Synopses & Reviews
With Nathaniel Mackey's fifth collection of poems, , we witness a confluence of music and meaning unprecedented in American poetry. Mackey's art continues to push the envelope of what is possible to map and remap through words in sounds and sounds in words. Picking up with Nub's disintegration at the end of his previous collection -- the National Book Award-winning -- we follow a traveler and a tribe of travelers ensconced in myth and history as Mackey continues to weave his precisely measured music with two ongoing serial poems, Song of the Andoumboulou and Mu. The collec- tion is divided into two sections, both titled "Quag," and it is this double-Quag ("Nub's new colony Quag" or Qraq or Ouab'da or Quaph . . .) that the tribe is exiled in, worlds within alternate worlds where names and places are ever-shifting, and dreamlessness reigns. From the pyramids to the projects, Ivory Coast to Lone Coast, Lagos to Stick City, amidst chorusing horns and star-spar lightning, Nod House ("Nub's / new / address") unfolds as gorgeous eulogy, copla-cuts of deep song, the long elegiac march of "day after day of the dead."
"Mackey's last poetry collection, Splay Anthem, won the National Book Award, and this 16th collection (if one counts prose and verse together) picks up his musical epics in medias res. It is not necessary, however, to track all the characters and their histories in order to immerse oneself in the book's worlds. Readers need only remember that the Free Jazz scene that began in the late 1950s and early 1960s had deep roots in revolutionary political thought as well as revolutionary musical constructs, and that it was a complex inheritance for those, like Mackey's characters, who tried to take it up in the postmodern aftermath of its first flowerings. The characters' frustrations, which Mackey makes epically metaphorical (the book's musical microcosm as full-scale political macrocosm) with the very lightest of touches and the very greatest of poetic artistry, make for extremely satisfying reading, immersive, and even life-changing: 'A story the story/ bit its lip on... It wasn't that/ what there was was/ what could be thought,/ wasn't what could be thought/ was what could be said... Thought/ was what there was's fallback,/ say, so we thought, the same.'" Publishers Weekly (Starred Review) Copyright PWxyz, LLC. All rights reserved.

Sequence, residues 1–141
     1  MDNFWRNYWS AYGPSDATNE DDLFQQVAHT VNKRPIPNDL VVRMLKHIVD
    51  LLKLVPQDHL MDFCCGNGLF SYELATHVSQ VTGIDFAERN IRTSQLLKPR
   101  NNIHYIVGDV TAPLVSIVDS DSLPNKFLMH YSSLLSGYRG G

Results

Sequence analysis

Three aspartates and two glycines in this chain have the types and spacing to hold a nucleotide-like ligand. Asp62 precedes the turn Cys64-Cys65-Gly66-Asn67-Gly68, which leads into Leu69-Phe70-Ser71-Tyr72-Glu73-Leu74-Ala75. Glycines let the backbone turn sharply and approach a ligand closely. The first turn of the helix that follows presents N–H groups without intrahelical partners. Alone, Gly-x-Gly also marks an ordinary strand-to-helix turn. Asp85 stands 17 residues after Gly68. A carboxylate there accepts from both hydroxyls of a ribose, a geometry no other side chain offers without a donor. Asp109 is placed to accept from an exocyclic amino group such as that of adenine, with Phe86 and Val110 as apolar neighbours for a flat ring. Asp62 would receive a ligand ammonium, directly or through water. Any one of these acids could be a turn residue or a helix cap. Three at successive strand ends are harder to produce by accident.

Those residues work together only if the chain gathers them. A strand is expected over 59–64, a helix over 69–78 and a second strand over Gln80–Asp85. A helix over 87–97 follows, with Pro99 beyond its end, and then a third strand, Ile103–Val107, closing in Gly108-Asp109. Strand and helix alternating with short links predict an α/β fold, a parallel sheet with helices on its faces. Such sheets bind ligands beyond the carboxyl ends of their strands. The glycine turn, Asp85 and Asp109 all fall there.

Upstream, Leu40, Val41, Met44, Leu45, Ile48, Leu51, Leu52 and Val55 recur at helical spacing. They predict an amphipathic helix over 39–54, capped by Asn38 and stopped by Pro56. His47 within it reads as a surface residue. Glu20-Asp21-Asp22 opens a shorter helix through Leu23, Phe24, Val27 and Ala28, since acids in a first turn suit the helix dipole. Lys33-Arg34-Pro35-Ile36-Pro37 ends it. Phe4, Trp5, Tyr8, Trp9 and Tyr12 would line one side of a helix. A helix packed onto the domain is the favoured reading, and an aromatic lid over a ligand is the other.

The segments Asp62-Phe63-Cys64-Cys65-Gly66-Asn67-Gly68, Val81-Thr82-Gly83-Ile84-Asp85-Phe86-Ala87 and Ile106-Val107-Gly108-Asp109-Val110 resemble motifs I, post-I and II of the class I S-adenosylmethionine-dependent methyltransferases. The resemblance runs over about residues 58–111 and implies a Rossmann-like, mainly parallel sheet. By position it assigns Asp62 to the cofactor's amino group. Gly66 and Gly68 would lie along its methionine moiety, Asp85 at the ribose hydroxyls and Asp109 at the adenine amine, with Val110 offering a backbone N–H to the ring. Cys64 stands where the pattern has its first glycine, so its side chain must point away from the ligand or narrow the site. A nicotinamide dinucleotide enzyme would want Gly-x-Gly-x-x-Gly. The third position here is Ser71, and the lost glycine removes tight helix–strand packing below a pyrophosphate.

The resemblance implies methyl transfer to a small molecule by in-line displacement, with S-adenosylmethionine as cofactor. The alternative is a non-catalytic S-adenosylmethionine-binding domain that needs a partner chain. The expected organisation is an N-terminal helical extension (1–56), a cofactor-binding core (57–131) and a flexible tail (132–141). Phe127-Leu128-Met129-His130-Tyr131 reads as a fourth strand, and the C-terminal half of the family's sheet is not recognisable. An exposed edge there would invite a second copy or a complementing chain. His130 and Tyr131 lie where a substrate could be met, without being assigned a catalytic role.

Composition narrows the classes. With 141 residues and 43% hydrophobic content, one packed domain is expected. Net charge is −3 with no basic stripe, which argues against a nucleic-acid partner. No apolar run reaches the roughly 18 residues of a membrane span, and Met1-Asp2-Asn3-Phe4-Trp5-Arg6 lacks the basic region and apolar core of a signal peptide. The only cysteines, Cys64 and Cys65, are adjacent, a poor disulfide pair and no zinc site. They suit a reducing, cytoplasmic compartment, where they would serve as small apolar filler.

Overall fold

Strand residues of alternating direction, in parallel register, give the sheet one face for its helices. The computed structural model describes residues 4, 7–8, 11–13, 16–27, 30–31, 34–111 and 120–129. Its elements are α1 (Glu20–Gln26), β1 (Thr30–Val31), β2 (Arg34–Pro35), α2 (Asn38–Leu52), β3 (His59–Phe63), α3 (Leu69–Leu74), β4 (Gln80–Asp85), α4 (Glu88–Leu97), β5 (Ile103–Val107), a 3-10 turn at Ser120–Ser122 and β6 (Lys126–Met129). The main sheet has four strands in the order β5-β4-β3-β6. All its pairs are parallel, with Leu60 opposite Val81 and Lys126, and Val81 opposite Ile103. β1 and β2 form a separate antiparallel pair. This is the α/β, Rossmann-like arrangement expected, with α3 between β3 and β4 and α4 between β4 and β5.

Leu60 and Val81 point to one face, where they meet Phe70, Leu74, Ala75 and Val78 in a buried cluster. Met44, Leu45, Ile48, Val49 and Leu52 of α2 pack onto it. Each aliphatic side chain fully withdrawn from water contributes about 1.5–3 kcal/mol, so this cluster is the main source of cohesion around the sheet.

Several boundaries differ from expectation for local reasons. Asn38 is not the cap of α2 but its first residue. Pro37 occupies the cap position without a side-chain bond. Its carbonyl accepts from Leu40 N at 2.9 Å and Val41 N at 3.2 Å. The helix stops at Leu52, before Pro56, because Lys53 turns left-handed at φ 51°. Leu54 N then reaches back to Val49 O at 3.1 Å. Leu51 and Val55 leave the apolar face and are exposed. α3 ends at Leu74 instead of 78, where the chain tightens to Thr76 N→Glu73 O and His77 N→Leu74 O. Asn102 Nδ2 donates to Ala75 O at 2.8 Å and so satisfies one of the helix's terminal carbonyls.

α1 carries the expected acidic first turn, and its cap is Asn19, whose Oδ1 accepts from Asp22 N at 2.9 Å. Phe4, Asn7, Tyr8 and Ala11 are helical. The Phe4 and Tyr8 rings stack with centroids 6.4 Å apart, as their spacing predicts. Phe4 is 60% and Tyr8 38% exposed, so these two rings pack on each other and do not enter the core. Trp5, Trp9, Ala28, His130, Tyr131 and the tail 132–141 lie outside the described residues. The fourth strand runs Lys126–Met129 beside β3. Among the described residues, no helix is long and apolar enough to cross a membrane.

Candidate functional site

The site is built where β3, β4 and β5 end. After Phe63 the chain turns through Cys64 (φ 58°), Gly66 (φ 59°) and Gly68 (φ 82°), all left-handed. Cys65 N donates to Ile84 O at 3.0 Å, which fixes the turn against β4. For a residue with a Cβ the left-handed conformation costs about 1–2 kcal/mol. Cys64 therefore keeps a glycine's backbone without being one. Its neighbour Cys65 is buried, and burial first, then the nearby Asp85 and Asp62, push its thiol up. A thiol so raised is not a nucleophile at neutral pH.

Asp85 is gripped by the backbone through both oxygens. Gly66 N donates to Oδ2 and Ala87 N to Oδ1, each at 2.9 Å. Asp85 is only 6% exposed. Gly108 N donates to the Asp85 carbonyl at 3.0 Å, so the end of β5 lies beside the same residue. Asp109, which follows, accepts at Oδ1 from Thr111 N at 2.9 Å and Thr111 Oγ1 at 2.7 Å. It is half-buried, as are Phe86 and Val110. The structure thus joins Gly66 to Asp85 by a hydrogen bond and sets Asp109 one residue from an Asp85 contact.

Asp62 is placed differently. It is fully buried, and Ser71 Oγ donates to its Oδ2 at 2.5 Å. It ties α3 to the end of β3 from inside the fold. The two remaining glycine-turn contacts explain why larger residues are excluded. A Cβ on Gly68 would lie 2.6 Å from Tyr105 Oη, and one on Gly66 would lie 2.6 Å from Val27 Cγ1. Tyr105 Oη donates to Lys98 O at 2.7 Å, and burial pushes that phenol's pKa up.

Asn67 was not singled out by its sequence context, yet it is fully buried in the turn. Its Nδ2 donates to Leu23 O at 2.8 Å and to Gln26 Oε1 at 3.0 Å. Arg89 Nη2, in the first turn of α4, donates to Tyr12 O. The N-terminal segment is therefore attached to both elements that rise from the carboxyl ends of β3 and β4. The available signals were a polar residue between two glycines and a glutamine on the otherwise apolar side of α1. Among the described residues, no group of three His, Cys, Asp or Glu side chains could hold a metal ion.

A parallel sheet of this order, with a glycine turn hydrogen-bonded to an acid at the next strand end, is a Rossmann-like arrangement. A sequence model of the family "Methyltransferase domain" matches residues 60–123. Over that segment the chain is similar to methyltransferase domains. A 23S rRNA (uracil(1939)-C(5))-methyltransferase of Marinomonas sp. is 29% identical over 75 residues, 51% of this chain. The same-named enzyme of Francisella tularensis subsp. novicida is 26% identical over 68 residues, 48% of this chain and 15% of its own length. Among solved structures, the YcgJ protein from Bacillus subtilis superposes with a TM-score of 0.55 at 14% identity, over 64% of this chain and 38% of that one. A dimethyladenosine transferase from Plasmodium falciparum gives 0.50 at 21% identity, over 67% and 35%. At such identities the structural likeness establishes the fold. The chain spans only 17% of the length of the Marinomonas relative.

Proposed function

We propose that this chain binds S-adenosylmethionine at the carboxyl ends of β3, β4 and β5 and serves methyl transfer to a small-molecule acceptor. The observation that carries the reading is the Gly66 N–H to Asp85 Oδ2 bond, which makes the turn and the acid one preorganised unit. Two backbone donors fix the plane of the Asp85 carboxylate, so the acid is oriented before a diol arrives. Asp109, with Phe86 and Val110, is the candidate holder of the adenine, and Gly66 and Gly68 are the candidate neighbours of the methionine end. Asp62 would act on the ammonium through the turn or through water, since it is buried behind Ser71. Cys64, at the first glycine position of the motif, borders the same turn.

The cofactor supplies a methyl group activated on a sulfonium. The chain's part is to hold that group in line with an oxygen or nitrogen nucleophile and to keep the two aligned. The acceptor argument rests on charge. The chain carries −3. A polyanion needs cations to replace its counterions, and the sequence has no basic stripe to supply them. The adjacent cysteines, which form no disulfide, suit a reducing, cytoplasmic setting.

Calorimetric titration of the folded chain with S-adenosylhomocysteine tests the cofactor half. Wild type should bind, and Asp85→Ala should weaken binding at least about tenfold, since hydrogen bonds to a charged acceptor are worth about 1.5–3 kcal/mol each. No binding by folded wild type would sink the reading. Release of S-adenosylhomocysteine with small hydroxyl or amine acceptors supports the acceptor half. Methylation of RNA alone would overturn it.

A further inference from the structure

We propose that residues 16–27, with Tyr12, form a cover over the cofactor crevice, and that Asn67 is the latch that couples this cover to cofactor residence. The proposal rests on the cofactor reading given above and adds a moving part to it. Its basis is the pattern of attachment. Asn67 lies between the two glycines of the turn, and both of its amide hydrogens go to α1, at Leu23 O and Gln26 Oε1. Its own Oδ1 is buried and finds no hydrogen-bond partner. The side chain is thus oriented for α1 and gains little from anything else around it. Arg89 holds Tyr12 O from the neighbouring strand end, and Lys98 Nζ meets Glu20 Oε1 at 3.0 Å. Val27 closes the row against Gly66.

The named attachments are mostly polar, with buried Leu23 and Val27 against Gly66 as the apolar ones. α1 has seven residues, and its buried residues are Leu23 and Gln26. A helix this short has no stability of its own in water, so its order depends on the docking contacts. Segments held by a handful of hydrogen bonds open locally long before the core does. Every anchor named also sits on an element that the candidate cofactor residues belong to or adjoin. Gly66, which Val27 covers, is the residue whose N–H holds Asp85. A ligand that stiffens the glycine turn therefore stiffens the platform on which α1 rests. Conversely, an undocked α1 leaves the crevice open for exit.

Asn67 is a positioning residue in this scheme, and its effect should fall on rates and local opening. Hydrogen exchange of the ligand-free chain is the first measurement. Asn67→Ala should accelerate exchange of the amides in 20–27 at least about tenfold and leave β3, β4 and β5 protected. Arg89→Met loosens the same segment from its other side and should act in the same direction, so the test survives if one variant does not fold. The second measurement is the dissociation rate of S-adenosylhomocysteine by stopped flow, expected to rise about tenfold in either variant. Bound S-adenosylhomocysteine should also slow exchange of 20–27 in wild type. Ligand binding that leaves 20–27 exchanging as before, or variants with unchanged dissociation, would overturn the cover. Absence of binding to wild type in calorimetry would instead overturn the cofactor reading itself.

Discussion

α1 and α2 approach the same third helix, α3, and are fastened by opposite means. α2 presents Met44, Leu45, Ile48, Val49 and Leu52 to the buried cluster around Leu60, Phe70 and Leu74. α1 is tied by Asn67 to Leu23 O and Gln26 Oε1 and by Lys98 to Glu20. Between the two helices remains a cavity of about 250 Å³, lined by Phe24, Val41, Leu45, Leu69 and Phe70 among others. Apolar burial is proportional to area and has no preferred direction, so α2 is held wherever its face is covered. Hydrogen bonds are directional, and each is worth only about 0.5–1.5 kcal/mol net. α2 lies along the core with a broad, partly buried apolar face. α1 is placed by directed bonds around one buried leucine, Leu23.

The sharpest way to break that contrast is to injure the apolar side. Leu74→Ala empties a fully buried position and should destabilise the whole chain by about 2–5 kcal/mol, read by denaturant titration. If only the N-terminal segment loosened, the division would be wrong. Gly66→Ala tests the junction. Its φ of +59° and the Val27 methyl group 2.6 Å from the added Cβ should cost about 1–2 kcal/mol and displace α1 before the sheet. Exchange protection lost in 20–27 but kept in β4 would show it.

"In oblique, elliptical fashion, these poems follow the dispersal of African peoples by half a millennium of catastrophes, from slavery to Hurricane Katrina...Mackey's almost mythological conception has its origins in his previous collection, "Splay Anthem," which won a National Book ward in 2006. But no prior knowledge is required, as the logic is surreal and the characters keep circling back to "square one."" The New Yorker
A stellar new collection of poems by "the Balanchine of the architecture dance" (The New York Times) and winner of the 2006 National Book Award in poetry.
About the Author
Nathaniel Mackey (b. 1942), is the author of books of poetry, fiction, and criticism, editor of the Literary Jounal Hambone, and radio show host. His collection, Splay Anthem, won the 2006 National Book Award for Poetry. He is also on the Board of Chancellors of the Academy of American Poets, and is Professor of Literature at the University of California at Santa Cruz.